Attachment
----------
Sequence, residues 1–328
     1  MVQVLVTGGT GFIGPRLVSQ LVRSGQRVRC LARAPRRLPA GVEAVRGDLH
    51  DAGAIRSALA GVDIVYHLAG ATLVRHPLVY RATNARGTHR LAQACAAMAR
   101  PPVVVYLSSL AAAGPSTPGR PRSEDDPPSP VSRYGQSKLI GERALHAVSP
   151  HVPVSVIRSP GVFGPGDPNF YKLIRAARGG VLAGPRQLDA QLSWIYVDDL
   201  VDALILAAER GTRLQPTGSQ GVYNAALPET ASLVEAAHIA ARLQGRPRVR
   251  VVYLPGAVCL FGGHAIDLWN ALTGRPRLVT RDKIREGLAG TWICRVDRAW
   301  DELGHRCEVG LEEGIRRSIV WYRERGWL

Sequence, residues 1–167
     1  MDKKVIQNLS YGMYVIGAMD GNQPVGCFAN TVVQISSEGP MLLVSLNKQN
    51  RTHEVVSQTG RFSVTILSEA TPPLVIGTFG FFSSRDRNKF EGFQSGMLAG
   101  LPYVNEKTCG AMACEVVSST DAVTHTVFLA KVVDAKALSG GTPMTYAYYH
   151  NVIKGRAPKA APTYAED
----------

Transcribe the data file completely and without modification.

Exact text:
Sequence, residues 1–328
     1  MVQVLVTGGT GFIGPRLVSQ LVRSGQRVRC LARAPRRLPA GVEAVRGDLH
    51  DAGAIRSALA GVDIVYHLAG ATLVRHPLVY RATNARGTHR LAQACAAMAR
   101  PPVVVYLSSL AAAGPSTPGR PRSEDDPPSP VSRYGQSKLI GERALHAVSP
   151  HVPVSVIRSP GVFGPGDPNF YKLIRAARGG VLAGPRQLDA QLSWIYVDDL
   201  VDALILAAER GTRLQPTGSQ GVYNAALPET ASLVEAAHIA ARLQGRPRVR
   251  VVYLPGAVCL FGGHAIDLWN ALTGRPRLVT RDKIREGLAG TWICRVDRAW
   301  DELGHRCEVG LEEGIRRSIV WYRERGWL

Sequence, residues 1–167
     1  MDKKVIQNLS YGMYVIGAMD GNQPVGCFAN TVVQISSEGP MLLVSLNKQN
    51  RTHEVVSQTG RFSVTILSEA TPPLVIGTFG FFSSRDRNKF EGFQSGMLAG
   101  LPYVNEKTCG AMACEVVSST DAVTHTVFLA KVVDAKALSG GTPMTYAYYH
   151  NVIKGRAPKA APTYAED